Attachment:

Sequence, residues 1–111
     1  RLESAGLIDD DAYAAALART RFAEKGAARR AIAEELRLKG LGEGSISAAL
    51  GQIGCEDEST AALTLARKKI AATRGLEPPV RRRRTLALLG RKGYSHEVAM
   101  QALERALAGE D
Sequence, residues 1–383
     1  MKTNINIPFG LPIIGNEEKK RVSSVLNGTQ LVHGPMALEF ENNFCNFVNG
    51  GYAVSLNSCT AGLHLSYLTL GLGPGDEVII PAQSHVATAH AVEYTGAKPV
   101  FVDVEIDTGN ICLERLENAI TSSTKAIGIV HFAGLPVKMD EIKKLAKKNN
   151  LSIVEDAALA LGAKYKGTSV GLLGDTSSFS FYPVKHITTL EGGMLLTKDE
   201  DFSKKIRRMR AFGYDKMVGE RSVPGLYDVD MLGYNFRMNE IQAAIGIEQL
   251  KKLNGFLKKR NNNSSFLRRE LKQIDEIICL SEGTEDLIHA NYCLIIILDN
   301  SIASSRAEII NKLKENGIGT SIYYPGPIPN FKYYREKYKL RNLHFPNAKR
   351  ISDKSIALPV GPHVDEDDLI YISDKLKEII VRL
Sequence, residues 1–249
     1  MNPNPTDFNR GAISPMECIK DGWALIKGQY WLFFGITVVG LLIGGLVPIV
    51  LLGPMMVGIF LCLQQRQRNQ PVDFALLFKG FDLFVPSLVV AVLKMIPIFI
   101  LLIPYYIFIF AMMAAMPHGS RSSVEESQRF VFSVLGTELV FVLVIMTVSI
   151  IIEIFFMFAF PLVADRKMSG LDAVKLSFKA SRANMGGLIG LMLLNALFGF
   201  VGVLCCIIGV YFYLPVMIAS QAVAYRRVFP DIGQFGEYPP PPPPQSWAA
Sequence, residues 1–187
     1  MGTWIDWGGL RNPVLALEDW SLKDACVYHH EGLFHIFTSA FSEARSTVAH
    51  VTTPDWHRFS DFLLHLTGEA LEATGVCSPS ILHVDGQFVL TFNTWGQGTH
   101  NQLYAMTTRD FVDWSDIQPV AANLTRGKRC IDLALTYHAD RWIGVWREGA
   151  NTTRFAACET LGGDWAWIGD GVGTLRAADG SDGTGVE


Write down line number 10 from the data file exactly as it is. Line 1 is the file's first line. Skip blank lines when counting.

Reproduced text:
   201  DFSKKIRRMR AFGYDKMVGE RSVPGLYDVD MLGYNFRMNE IQAAIGIEQL